The original split forming the SPL aimed to emulate the success of the English Premier League in gaining more financial control for top Scottish teams. However, it did not go as planned, with six different teams entering administration during the SPL era. One notable example was Rangers, who were forced to start from the bottom of the Scottish Football League and work their way back up.

Similar to the current format, the SPL consisted of European qualification spots for the top teams. The top team entered the third qualifying stage of the UEFA Champions League, while the second team entered the second qualifying stage. The third and fourth-placed teams entered the Europa Conference League at the second qualifying round stage. The Scottish Cup winners also earned a place in the Europa League.

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1. How many teams are in the Scottish Premiership?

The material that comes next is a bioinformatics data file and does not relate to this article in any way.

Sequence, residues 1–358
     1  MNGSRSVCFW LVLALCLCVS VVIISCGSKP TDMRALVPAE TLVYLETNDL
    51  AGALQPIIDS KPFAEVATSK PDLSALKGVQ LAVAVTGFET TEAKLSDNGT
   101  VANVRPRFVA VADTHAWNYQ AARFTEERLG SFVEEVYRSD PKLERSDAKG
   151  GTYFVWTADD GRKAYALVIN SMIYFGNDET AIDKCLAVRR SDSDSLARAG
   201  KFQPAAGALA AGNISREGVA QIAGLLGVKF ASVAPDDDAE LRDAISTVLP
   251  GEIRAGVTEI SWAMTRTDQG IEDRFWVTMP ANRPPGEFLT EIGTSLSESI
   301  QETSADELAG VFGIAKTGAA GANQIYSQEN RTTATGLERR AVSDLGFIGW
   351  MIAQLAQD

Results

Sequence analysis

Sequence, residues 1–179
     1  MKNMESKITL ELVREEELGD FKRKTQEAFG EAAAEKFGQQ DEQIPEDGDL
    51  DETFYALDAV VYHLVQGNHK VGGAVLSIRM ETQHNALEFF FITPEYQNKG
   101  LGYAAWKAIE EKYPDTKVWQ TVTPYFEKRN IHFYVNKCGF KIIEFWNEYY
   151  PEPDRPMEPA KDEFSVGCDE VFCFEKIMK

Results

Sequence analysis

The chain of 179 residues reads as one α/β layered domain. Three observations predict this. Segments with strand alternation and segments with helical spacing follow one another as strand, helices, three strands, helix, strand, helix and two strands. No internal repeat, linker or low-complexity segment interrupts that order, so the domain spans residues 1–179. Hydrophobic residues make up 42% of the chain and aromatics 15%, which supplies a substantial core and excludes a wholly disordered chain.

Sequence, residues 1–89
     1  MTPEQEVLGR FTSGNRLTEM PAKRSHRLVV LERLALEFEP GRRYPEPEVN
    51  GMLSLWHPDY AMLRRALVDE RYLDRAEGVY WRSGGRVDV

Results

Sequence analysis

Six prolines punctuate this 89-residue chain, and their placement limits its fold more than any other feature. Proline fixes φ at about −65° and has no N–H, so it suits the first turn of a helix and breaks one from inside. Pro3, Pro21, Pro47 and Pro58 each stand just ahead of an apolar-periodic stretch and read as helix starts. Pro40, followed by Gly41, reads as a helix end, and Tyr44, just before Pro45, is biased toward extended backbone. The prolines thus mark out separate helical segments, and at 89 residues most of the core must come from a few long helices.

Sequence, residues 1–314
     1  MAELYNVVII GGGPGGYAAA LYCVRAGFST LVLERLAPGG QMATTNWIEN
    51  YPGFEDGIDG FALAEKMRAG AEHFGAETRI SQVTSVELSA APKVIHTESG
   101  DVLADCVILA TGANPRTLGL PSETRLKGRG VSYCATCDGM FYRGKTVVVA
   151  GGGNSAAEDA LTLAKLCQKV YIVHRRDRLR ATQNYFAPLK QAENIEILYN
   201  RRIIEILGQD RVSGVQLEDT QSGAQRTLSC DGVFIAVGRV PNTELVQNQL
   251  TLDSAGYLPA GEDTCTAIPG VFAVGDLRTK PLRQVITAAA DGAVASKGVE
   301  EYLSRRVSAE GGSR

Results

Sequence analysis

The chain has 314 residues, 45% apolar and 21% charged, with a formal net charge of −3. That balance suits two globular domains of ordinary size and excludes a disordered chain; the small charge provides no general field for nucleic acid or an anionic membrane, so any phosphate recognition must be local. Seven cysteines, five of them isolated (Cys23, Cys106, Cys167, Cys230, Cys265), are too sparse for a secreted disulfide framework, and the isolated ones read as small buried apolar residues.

The Scottish Premiership consists of twelve teams.

2. How are teams seeded in the Scottish Premiership?
Teams are seeded using a computer algorithm that predicts their final league positions.

3. What happens if a team finishes at the bottom of the Scottish Premiership?
The bottom team is relegated to the Scottish Championship.

4. How does the Scottish Premiership season structure differ from other leagues?
The season is split into two halves, with each team playing three games against every other team in the first half. Afterward, the league is split into a top-six and bottom-six, with teams playing against the other teams in their section.


The Scottish Premiership offers a unique footballing experience with its range of stadiums and compelling league structure. From the grandeur of Celtic Park to the historical significance of Ibrox, the stadiums in the league cater to both the avid football fan and the casual spectator. While the league has faced challenges in the past, it continues to captivate audiences and produce thrilling matches. Explore the rich history and vibrant atmosphere of the Scottish Premiership, and discover why it holds a special place in the hearts of Scottish football fans.